As I’ve noted previously one of the current limitations of 3D printing is the limited materials that can be used to print with, mostly plastic, paper, wax and others up to now. The ability to create molds which can then be used to create castings of metals and other materials expands the range considerably but the ideal of course is to be able to create objects of any material. And in keeping with what seems to be the norm where the rate of change is exponential, we are now much closer to this ideal now that 3D printing can be done in stainless steel. The big news and change is not just that 3D printing can be done in stainless steel but that YOU can do it! The article below will give you more details.
I’d also recommend reading this article for the note about how Shapeways has done such an admiral job of being very up front and clear about their service. Read for example the Shapeways stainless steel page titled “expectation management.” I want to join Aaron in pointing this out as a great example that all companies and organizations would do well to emulate. As Aaron put it:
“I would like to take a moment and applaud Shapeways for having both guts and common sense. Listen up Internet, if you want to sell us something cool, put the limitations right up front.”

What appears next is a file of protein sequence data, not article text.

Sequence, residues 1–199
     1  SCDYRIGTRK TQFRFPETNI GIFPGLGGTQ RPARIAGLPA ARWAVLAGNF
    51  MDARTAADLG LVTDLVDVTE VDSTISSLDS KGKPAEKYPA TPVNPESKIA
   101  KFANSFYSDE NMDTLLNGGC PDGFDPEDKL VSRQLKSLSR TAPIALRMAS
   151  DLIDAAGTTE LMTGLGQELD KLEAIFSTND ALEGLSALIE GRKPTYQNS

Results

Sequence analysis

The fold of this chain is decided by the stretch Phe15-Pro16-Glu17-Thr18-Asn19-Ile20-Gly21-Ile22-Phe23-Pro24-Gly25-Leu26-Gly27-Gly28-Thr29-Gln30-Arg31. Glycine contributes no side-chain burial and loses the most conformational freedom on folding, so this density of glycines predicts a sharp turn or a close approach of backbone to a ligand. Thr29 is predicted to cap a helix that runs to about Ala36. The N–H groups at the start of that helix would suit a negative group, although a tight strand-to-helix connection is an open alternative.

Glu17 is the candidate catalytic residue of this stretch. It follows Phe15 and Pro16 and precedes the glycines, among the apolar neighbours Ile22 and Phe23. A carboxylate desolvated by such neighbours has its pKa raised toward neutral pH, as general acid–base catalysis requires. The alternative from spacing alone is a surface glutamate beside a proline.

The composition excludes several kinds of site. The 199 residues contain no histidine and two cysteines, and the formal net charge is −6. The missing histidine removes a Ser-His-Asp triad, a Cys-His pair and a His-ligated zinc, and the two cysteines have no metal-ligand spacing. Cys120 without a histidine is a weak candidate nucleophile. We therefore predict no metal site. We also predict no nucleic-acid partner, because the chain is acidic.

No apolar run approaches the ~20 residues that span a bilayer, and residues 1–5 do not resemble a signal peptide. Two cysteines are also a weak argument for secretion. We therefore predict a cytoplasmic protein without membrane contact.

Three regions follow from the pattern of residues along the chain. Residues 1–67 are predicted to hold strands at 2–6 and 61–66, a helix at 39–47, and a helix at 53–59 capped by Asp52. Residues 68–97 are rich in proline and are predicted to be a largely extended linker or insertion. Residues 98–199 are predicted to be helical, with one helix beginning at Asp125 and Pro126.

I can’t help but like a company with the tag line: “Passionate about creating”
Shapeways also has some excellent tutorials on their site (one included below) which are very instructive and well worth watching if you are as fascinated by this rapid evolution of 3D printing and DIY manufacturing.
Overall I see these developments as some of the most compelling evidence of The Snowflake Effect and how we are headed for a future where we can increasingly realize the promise within us all as unique snowflakes by increasingly being the designers and creators of our the manufactured part of the world we live in.
August 6th, 2009 by Aaron Saenz
As if 3D printing wasn’t cool enough, you can now “print” objects in stainless steel. That’s right, dust off your old Transformers designs, make room in the Monopoly box for a new piece, and get ready for the model budget at your office to sky-rocket. Shapeways, an European 3D printing website that has traditionally worked in plastics and resins, has upped its game by giving you the option to take your airy artistic concepts and fashion them into cold hard steel. Except for some reasonable constraints on size and detail there are no limits to what you can create. Even if you’re not a model enthusiast, stainless steel printing holds the promise of machines that can replicate themselves and build anything.